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Federal budget includes some Campbell River area perks
On the August long weekend of 1993, 14-year-old Lindsey Nicholls went for a walk along a Cumberland road and was never seen again.
Her mother Judy Peterson has never stopped searching for her daughter and Tuesday she sat in MP John Duncan’s Ottawa office just before the federal government finally announced it would support “Lindsey’s Law.”
“I was absolutely delighted. I took a strong personal advocacy stance on this issue,” the veteran North Island MP said Wednesday.
Tuesday was budget day in Parliament. Included in the promises was $8.1 million to support a new DNA databank for missing persons and deceased victims.
Once deemed “too expensive” by the Conservative government, Duncan lobbied cabinet ministers to support the legislation which is due to come into a effect in 2016. The MP though is hopeful the DNA legislation for missing persons could be implemented by 2015.
But the money is just a “drop in the bucket” as the Conservatives continued to reel-in spending as it moves towards a balanced budget beginning in 2015.
“It’s prudent fiscal management,” said Duncan during a phone interview.
For the North Island, there were a few items in the budget which should benefit the riding.
The first is the extension of the Mineral Exploration Tax Credit. Last year, new aerial mapping of the North Island was conducted and the information released to the public.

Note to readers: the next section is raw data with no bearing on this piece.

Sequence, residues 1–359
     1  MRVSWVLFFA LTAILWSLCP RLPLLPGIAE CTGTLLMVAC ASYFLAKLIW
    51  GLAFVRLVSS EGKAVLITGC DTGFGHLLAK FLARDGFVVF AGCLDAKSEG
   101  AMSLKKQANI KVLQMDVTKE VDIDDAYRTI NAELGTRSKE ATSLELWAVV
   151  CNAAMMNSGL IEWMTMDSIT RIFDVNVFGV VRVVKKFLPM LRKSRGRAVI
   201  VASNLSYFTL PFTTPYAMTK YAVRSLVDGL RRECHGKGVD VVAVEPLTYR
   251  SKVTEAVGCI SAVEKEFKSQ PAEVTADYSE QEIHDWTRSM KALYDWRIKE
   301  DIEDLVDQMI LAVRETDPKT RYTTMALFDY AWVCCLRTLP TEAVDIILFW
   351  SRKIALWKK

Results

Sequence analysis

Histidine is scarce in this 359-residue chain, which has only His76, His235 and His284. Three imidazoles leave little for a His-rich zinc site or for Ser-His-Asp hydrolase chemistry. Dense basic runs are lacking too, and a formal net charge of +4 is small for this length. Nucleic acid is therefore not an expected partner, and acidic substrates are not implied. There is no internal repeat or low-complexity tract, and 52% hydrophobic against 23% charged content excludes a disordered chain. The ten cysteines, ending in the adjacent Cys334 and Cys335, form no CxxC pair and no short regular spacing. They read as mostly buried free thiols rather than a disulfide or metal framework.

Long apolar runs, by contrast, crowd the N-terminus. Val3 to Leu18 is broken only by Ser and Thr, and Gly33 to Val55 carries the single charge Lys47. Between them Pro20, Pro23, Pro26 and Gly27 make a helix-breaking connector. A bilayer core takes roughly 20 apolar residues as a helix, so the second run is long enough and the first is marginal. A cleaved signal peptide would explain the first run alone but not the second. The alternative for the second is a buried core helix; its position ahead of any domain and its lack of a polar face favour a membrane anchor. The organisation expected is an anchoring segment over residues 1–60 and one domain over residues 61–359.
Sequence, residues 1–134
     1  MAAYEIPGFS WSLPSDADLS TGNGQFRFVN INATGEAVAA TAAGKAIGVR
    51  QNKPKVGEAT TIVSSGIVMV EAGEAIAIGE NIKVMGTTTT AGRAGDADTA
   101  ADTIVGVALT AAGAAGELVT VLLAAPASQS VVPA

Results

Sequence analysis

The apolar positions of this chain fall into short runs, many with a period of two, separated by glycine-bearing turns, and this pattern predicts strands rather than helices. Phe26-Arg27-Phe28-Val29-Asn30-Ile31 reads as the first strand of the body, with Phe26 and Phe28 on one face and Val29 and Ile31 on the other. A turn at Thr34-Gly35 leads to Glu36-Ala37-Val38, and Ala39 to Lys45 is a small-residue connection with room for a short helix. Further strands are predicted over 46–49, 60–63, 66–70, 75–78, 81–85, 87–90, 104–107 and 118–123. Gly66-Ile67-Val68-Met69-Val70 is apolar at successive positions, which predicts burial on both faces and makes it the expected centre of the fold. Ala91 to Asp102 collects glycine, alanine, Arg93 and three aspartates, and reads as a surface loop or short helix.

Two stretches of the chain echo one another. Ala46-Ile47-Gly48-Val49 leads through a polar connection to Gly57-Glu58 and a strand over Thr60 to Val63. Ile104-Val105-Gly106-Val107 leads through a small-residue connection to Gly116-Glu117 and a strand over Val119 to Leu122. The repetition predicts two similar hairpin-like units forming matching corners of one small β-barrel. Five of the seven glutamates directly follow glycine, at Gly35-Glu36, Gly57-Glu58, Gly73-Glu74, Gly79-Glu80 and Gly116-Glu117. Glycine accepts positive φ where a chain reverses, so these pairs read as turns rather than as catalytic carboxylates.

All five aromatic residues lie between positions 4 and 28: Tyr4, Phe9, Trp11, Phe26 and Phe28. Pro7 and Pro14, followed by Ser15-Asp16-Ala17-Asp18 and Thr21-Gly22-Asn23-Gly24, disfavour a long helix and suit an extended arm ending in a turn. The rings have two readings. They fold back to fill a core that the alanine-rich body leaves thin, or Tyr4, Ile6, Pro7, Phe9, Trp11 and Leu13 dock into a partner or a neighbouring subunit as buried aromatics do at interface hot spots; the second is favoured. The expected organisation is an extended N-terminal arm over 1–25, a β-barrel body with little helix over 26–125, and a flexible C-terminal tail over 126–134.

The maps offer a huge amount of new data to prospectors who are expected to spend millions scouting out mineral deposits and potential new mines.
“I considered that (tax credit) one of my babies,” said Duncan.
Another continued program is the Recreational Fisheries Conservation Partnerships Program. Campbell River benefited from the first $10-million when funding was granted for new spawning beds in the river.
Now, the program has been bumped up to $25 million. Duncan said B.C. was granted about $2.5 million from the first fund and is hopeful one-quarter will be designated from the new funding.
“This is a very good way to leverage resources because we’re partnering with volunteers,” he said.
The federal government will also offer a $450 tax credit to search and rescue volunteers. This was done, said Duncan, to match the tax credit which volunteer firefighters receive.
“I think we’re recognizing their contribution,” he said, but added that Ottawa won’t support much-needed equipment purchases because, “it’s a provincial responsibility…there would be no end if we stepped in.”
The feds will also spend $305-million over the next five years to improve broadband internet service in rural and remote areas.
In this riding, Duncan said areas include some remote West Coast communities and around Forbidden Plateau in the Comox Valley.
The Campbell River Chamber of Commerce also applauded the Conservative’s thrifty budget.
“We’re pleased to see a prudent, fiscally-conservative budget that nonetheless supports two key priorities of the chamber: skills development and infrastructure,” said Colleen Evans, chamber president and CEO, in a news release. “We would, however, urge the government to continue to work hard to ensure the Canada Jobs Grant is palatable to businesses and the provinces, so that it achieves its goal of triggering new investment in training.”